Purpose: Have you ever felt the pain of rebooting your dual-boot computer, having Linux and Windows XP install, back and forth to access/edit your data on your Linux partition? Yes, many of us have and it’s quite tedious. Accessing Windows partition from Linux is old school but there are very few utilities which would let you do the other way around – accessing Linux partitions from Windows XP. There is one such utility called Ext2 IFS for Windows, which allows you to access your ext2/ext3 partitions from Windows without having to reboot your system.

Example Scenario: I have a laptop with a single hard drive and I have Windows XP in one partition and Debian Linux in another.

Step 1: Download Ext2 IFS utility

From your Windows XP machine, download the utility (.exe file) from here. Keep on clicking next and say yes on check boxes like “Enable UTF-8 encoding” and “Enable the large file feature”.  After that the setup will install the driver files and you will be greeted with the following screen:



You basically have two options: Either you can manually assign the driver letters to your Linux partition (Z and Y in the above example) or you can click on the checkbox which says “Assign driver letter automatically…”.  I decided to assign driver letters manually because I some networks drivers which are mapped as E,F,G, etc.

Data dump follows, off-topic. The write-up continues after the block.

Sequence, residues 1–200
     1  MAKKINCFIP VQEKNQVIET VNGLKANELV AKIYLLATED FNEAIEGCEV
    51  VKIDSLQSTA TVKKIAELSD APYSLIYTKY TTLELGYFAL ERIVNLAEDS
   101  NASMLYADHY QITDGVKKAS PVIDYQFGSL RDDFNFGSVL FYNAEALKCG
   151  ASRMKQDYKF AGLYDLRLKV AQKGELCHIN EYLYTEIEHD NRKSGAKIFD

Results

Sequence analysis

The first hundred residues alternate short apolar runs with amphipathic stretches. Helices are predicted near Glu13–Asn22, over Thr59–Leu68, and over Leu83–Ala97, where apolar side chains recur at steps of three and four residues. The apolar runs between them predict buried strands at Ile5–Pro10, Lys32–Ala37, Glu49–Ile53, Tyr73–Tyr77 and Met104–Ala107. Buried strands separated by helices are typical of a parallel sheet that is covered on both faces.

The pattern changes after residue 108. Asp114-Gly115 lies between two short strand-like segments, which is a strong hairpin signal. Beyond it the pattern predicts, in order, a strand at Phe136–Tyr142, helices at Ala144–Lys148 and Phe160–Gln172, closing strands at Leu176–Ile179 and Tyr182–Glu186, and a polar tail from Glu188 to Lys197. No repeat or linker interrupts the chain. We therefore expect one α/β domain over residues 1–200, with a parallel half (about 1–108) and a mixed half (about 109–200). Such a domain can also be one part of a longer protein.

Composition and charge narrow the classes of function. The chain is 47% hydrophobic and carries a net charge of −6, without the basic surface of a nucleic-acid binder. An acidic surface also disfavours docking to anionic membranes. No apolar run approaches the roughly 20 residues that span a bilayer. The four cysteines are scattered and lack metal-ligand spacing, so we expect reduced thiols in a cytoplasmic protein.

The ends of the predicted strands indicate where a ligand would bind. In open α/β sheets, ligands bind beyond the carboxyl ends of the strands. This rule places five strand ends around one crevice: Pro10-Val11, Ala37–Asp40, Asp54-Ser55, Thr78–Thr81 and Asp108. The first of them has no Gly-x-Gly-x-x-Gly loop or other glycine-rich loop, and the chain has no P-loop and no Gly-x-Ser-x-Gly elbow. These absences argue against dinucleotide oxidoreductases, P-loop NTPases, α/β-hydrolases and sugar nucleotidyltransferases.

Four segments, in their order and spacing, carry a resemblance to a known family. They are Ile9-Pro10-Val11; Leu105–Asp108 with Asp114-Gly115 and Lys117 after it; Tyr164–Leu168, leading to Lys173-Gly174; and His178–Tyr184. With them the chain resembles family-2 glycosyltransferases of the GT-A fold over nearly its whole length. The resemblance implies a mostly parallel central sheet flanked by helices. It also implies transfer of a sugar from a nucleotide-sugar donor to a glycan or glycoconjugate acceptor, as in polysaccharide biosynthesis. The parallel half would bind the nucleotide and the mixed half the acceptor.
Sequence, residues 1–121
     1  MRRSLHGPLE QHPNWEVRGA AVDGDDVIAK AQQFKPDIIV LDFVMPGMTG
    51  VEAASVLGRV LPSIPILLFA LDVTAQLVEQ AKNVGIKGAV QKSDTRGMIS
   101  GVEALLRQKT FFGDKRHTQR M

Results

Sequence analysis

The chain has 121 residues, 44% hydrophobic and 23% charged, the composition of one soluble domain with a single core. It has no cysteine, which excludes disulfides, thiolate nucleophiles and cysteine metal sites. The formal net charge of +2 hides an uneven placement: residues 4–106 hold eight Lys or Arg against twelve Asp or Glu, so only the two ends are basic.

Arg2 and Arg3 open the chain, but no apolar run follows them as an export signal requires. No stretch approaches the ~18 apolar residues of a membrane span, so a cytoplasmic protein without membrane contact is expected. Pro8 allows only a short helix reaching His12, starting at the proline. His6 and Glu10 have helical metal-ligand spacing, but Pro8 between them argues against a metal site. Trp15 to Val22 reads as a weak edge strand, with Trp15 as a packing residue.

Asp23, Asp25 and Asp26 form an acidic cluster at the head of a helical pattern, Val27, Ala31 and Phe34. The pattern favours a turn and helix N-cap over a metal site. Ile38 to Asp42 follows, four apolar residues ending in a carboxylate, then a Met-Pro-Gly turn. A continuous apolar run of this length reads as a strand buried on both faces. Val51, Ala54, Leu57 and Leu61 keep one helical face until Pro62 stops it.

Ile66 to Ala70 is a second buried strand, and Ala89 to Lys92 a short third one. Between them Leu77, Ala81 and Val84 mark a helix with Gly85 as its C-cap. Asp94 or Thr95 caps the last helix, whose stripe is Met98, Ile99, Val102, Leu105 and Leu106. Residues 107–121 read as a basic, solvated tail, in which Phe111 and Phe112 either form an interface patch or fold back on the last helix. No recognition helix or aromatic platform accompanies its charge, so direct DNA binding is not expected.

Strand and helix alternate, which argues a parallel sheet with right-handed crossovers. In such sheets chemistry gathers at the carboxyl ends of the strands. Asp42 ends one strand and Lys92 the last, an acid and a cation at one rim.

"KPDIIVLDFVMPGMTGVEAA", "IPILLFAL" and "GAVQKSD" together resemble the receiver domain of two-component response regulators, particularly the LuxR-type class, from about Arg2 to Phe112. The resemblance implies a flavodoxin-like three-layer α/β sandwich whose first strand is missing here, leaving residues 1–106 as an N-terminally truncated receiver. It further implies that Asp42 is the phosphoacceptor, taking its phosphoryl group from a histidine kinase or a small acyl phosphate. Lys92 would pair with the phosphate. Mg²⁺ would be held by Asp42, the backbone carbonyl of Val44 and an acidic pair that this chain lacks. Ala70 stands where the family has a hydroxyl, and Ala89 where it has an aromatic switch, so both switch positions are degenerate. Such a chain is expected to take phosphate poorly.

Z driver = Linux root partition

Y drive = Linux Swap partition

C = Windows XP partition (system)

D = Data partition (FAT 32)

Step 2: Go to My Computer

After finish the installation, go to “My Computer” and you should be able to see your additional new drive letters for your Linux partition as follow:


Step 3: Finish

Congratulations!!! Now you can just double click those driver letters (Z), as if they were Windows partition, and access data. You can read/write the partition (data) unless you selected to make the partition as “readable” during installation in step 1.


Enjoy accessing your local Ext2/Ex3 partitions in Windows XP without rebooting.

Additional Notes:

  • Although the name of the utility has ext2 only in it’s name, it works fine perfectly with ext3.
  • There might be other utilities on the Internet which would allow you to do that but I have found this to be the most reliable and it works great for me. In fact I did found a utility called Linux Reader and whenever I try to access my Linux partition from it, I get the BSOD in Windows XP when I close that utility. So use it at your own risk.
  • One of the commenter mentioned about Ext2Fsd although I have not tried it.

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